The second round of elections in Greece took place on Sunday, June 25, ending two months of the election marathon. The result was no surprise. As predicted, the New Democracy Party, led by Kyriakos Mitsotakis, won 40.3 percent of the votes and 158 parliamentary seats, giving it the majority to form a government on its own. Having 155-160 deputies in the 300-member Greek parliament means a comfortable majority for the ruling party. Unlike in Turkey, most of the opinion polling companies predicted the election results exactly.
This electoral victory also proved that it is not necessary to base the campaign on the “Turkish threat” to win elections in Greece. There were no Aegean, Cyprus, or Mediterranean crises during the election process in both countries, but Mitsotakis won.
The lowest turnout in years
The turnout rate for the June 25 elections was 52.8 percent. This means that one out of every two people did not go to the polls. (To compare, the turnout in the May 28 Turkish elections was more than 84 percent.)
This turnout, the lowest since the 1974 junta rule, must have upset the Greeks, who are proud of being the cradle of democracy. But for those who have lived in Greece, this result is not surprising at all. If you ask Greeks on the street, “What is more important to you, voting or a sea vacation on the islands?” I am sure that more than half of them would prefer a sea vacation.
The unstoppable rise of the right
Greece seems to have had its share of the global rise of the right in the recent elections. Three of the 8 parties (Spartans, Niki, and Greek Solution) that managed to pass the 3 percent threshold and enter the Parliament represent the extreme right. The biggest loser of the elections is the main opposition SYRIZA, once the ruling party, whose votes dropped from 31 percent to 17 percent compared to the 2019 elections.
“We were defeated but not crushed,” Alexis Tsipras said, familiar words to me from the Turkish elections.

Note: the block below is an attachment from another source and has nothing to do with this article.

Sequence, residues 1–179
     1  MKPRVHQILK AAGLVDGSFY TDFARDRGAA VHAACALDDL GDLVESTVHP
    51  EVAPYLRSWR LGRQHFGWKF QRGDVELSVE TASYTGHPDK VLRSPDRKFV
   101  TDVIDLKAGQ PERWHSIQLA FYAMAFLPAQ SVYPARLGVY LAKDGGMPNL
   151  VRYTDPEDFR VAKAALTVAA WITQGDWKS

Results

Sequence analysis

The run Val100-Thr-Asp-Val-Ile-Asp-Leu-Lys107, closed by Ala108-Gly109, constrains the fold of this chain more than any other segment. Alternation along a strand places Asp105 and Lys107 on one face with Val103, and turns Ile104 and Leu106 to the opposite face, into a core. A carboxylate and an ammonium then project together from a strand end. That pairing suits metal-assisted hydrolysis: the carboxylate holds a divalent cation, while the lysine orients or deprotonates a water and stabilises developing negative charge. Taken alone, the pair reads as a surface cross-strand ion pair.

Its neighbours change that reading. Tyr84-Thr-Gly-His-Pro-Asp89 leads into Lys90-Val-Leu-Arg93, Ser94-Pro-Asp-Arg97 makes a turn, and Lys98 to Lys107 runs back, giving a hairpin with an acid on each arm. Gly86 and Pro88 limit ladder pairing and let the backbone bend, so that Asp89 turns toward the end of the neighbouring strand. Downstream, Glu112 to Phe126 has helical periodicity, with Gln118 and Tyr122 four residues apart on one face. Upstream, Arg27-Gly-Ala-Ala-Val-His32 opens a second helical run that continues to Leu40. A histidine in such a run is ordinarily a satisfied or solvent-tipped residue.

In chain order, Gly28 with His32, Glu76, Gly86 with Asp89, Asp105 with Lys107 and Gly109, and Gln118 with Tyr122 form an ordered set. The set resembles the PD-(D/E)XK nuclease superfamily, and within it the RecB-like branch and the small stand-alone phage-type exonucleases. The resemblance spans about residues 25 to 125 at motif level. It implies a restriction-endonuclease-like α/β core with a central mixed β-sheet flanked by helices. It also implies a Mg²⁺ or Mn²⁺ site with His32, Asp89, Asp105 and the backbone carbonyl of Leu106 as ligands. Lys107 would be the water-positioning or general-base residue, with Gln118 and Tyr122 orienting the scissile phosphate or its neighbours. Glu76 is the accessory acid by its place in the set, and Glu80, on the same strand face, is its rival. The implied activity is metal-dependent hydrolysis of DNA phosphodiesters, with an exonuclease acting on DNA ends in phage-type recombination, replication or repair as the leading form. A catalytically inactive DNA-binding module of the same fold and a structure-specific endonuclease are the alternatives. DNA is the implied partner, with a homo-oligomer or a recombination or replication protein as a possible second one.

The combined votes of the three parties on the left (SYRIZA, PASOK, and the Communists) do not reach the votes of the first party New Democracy alone. With these elections, the picture we have seen for years in Türkiye across the political spectrum has emerged for the first time in Greece: 65 percent right-wing and 35 percent left-wing.
Mitsotakis and Erdoğan tactics
Less than 24 hours after the polls closed on June 25, the official results were announced. President Katerina Sakelaropoulou gave office to Mitsotakis, he was sworn in with his hand on the Bible in the presence of priests, and the new government was announced on the evening of June 26. This must be a speed record for Greece, notorious for its slow-moving bureaucracy.
The new Cabinet consists of 24 ministers and 7 deputy ministers. Seventeen of them were also in the previous government.
It seems that Mitsotakis has learned something from President Tayyip Erdoğan in politics; he does not offend anyone. Those he has kept on the sidelines for a while, he brings back to the stage. He reshuffled the existing ones. He pays attention to the balance within the party.
It is possible to see the traces of Karamanlis and Samaras in the new government. For example, Adonis Samaras’ Minister of Tourism and Culture Olga Kefalogianni, who attracted the attention of tabloid journalists in Turkey more than diplomatic reporters at the time, has been reinstated as Minister of Tourism.
Former Foreign Minister Nikos Dendias, who complained about Turkey to the stones and birds in the mountains on every occasion, was moved to the Ministry of National Defense. The new Greek Foreign Minister is Giorgos Gerapetritis, who, like his Turkish counterpart, former intelligence chief to Erdoğan, Hakan Fidan, is regarded as the secret keeper of Mitsotakis.
Nationalist discourse and the Turkish minority
Perhaps because he saw that nationalist rhetoric had helped President Erdoğan get elected, Mitsotakis increased his vote share by bringing the Turkish minority on his agenda in the last week of the election campaign.
On the other hand, the only constituency where New Democracy failed to get an MP was Rhodope in Western Thrace. It is pleasing for Ankara to see that Western Thrace Turks will be represented in the Parliament this time with four MPs. However, all four are from the opposition SYRIZA and PASOK. There is no one from the ruling New Democracy Party among them. The fact that Western Thrace has long been seen as a vote depot for the opposition does not help in finding solutions to the problems of the minority.
Erdoğan- Mitsotakis meeting
Let’s touch wood on the Greek-Turkish rapprochement that started with the February 6 earthquake in Türkiye, which did not deteriorate yet. On the contrary, it was further strengthened by confidence-building measures such as planned war drills being transformed into only shooting exercises and mutual phone calls.
Mitsotakis, who was ignored by President Erdoğan two years ago after his speech to the US Congress, has come back to life.
All eyes are now on the Erdoğan – Mitsotakis meeting in Vilnius during the NATO Summit on July 10-11.
Both sides should learn the lessons of the past and go to Vilnius well-prepared.